Activity takes two class periods. Computers with Internet access required.
In this activity for undergraduates, students explore the CLIMAP (Climate: Long-Range Investigation, Mapping and Prediction) model results for differences between the modern and the Last Glacial Maximum (LGM) and discover the how climate and vegetation may have changed in different regions of the Earth based on scientific data.
Goals by activity author:
- This set of animations and interactive simulations from the Byrd Polar Research Center at Ohio State University help students develop an understanding models used to understand the Earth System.
- Students consider the types of data that need to be included in a climate model, looking at inputs and outputs as well as variables, such as land surface, and how to measure changes of different parts of the Earth's surface over time.
ACTIVITY DESCRIPTION AND TEACHING MATERIALS
Explore >> Last Glacial Maximum
TEACHING NOTES / CONTEXT FOR USE
Teaching Notes / Context For Use by CLEAN Reviewers:
- Lesson should start with an introduction to the model that was used in the CLIMAP study.
About the Science
- Engages learners in critical scientific thought by discussing the assumptions made in the CLIMAP study in 1976 and 1984 compared to what we know now about climate change since the Last Glacial Maximum (LGM).
- Model output data is somewhat dated, but because it is focused on paleoclimatic data it still provides valid information about the climatic conditions during the last glacial maximum.
- Passed initial science review - expert science review pending.
About the Pedagogy
- Skimming scientific papers, graphing data on maps and interpretation of maps/data engages students of different learning styles.
- Group work or jigsaw approach will be very effective.
- PowerPoint and student handout are provided. Follow-up questions are suggested.
This resource engages students in using scientific data.
See other data-rich activities
Technical Details/Ease of Use
- Well-designed and relevant materials available. Only background reading is not provided digitally.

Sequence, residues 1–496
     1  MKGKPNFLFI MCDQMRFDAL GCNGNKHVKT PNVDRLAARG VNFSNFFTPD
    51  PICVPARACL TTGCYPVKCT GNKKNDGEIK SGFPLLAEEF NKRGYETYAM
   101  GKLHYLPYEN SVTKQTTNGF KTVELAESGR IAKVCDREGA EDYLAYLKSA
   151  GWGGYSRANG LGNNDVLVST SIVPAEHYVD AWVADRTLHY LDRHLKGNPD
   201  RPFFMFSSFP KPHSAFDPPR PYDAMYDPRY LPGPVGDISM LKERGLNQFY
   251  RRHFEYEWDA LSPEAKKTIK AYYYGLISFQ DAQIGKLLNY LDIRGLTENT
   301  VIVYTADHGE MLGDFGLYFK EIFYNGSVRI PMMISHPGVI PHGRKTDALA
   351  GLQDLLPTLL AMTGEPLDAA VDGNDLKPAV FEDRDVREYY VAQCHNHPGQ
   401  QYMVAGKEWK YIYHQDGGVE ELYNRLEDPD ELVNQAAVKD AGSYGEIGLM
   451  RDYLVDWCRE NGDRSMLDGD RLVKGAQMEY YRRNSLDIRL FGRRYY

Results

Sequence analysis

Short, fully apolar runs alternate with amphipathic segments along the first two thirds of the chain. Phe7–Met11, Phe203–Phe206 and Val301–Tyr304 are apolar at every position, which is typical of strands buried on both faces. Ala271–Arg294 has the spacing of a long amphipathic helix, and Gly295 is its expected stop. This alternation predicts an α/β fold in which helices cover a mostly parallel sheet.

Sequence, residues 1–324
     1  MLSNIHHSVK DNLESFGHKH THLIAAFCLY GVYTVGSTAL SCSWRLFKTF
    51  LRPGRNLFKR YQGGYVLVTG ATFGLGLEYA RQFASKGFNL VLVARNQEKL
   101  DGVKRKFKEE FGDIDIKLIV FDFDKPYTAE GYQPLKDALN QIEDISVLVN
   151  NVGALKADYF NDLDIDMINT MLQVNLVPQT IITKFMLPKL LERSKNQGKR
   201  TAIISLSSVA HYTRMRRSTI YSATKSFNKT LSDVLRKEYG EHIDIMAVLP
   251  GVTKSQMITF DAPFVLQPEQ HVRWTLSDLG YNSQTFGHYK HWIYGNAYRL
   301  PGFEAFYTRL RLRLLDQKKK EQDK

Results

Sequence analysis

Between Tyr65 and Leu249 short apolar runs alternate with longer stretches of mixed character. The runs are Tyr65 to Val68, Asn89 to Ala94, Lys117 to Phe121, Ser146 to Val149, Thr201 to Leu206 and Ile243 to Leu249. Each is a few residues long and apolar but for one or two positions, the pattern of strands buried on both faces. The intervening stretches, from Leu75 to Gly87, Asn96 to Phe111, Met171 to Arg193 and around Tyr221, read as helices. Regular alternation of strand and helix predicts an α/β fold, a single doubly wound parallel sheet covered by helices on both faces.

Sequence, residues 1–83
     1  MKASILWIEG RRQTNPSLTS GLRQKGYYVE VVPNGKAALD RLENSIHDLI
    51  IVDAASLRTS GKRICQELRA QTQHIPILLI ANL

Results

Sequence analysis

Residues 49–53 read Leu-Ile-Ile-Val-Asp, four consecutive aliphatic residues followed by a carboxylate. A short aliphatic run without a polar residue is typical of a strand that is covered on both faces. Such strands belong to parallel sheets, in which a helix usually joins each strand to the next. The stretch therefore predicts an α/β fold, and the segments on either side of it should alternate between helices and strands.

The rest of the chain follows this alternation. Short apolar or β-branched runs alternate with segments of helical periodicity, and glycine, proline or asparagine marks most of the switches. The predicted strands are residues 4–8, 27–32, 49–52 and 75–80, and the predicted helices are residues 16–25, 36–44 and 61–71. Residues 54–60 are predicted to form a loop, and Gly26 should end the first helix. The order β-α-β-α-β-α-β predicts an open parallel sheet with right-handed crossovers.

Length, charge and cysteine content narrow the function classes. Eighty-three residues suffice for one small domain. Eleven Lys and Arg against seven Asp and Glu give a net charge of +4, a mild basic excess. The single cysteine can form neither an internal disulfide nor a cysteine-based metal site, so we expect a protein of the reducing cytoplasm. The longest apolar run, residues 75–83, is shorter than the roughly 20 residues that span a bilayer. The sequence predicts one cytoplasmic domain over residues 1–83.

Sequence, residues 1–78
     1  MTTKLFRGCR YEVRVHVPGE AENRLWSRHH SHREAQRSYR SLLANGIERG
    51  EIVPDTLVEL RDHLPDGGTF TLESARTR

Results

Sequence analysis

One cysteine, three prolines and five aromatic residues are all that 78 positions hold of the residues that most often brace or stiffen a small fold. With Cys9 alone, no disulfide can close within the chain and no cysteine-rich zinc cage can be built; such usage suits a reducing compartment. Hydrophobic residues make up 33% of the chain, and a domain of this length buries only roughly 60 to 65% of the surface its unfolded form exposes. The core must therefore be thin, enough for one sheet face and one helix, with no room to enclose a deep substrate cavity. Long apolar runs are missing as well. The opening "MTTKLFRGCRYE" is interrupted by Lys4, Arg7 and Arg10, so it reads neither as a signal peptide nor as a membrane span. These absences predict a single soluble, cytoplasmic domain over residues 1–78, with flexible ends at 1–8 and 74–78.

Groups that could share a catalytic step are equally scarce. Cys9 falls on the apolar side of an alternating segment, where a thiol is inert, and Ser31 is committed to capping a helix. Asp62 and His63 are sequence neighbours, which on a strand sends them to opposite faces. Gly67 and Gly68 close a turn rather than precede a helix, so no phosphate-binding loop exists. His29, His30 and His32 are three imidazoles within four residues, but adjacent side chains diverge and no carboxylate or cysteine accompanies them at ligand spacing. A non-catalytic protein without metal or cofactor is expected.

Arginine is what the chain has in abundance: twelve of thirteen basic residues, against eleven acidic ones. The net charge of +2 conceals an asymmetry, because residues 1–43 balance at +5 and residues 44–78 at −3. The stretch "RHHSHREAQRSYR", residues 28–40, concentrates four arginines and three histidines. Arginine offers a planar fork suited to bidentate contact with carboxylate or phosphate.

Assessment by activity author:
Assignment or exam question: Ask the students to compare their results from the model output exercise with those described in the CLIMAP papers and in the textbook.
Assignment or take home exam question: Ask students how they would redesign the CLIMAP study base on what we know today about the LGM? What different assumptions would they use and what variables would they examine in order to further the state of knowledge of glacial to modern climate change.
REFERENCES AND RESOURCES
Related URLs: These related sites were noted by our reviewers but not been reviewed by CLEAN
- 1976 Science paper not freely available to general public but is free to AAAS members and most educational institutions at: http://www.sciencemag.org/content/191/4232/1131.abstract
- PDF is at: http://courses.washington.edu/proxies/CLIMAP-Ice_Age_Earth_Surface-Sci76.pdf
- 1984 paper not freely available but most educational institutions can get it through ScienceDirect at: http://www.sciencedirect.com/science/article/pii/003358948490098X
- 1988 Science article in PDF: http://www.sciencemag.org/site/feature/data/earthdynamics/se3488001043.pdf
Description by activity author: How the activity is situated in the course This is an in-class activity with an introductory lecture on the CLIMAP project and the Last Glacial Maximum. This activity occurs after discussing glacial-interglacial cycles and Milankovitch orbital hypothesis. I assign a reading before class, Chapter 12 in Earth's Climate – Past and Future by William Ruddiman. The classroom needs computers with internet browsers, internet access, and Adobe Acrobat Reader (for skimming papers).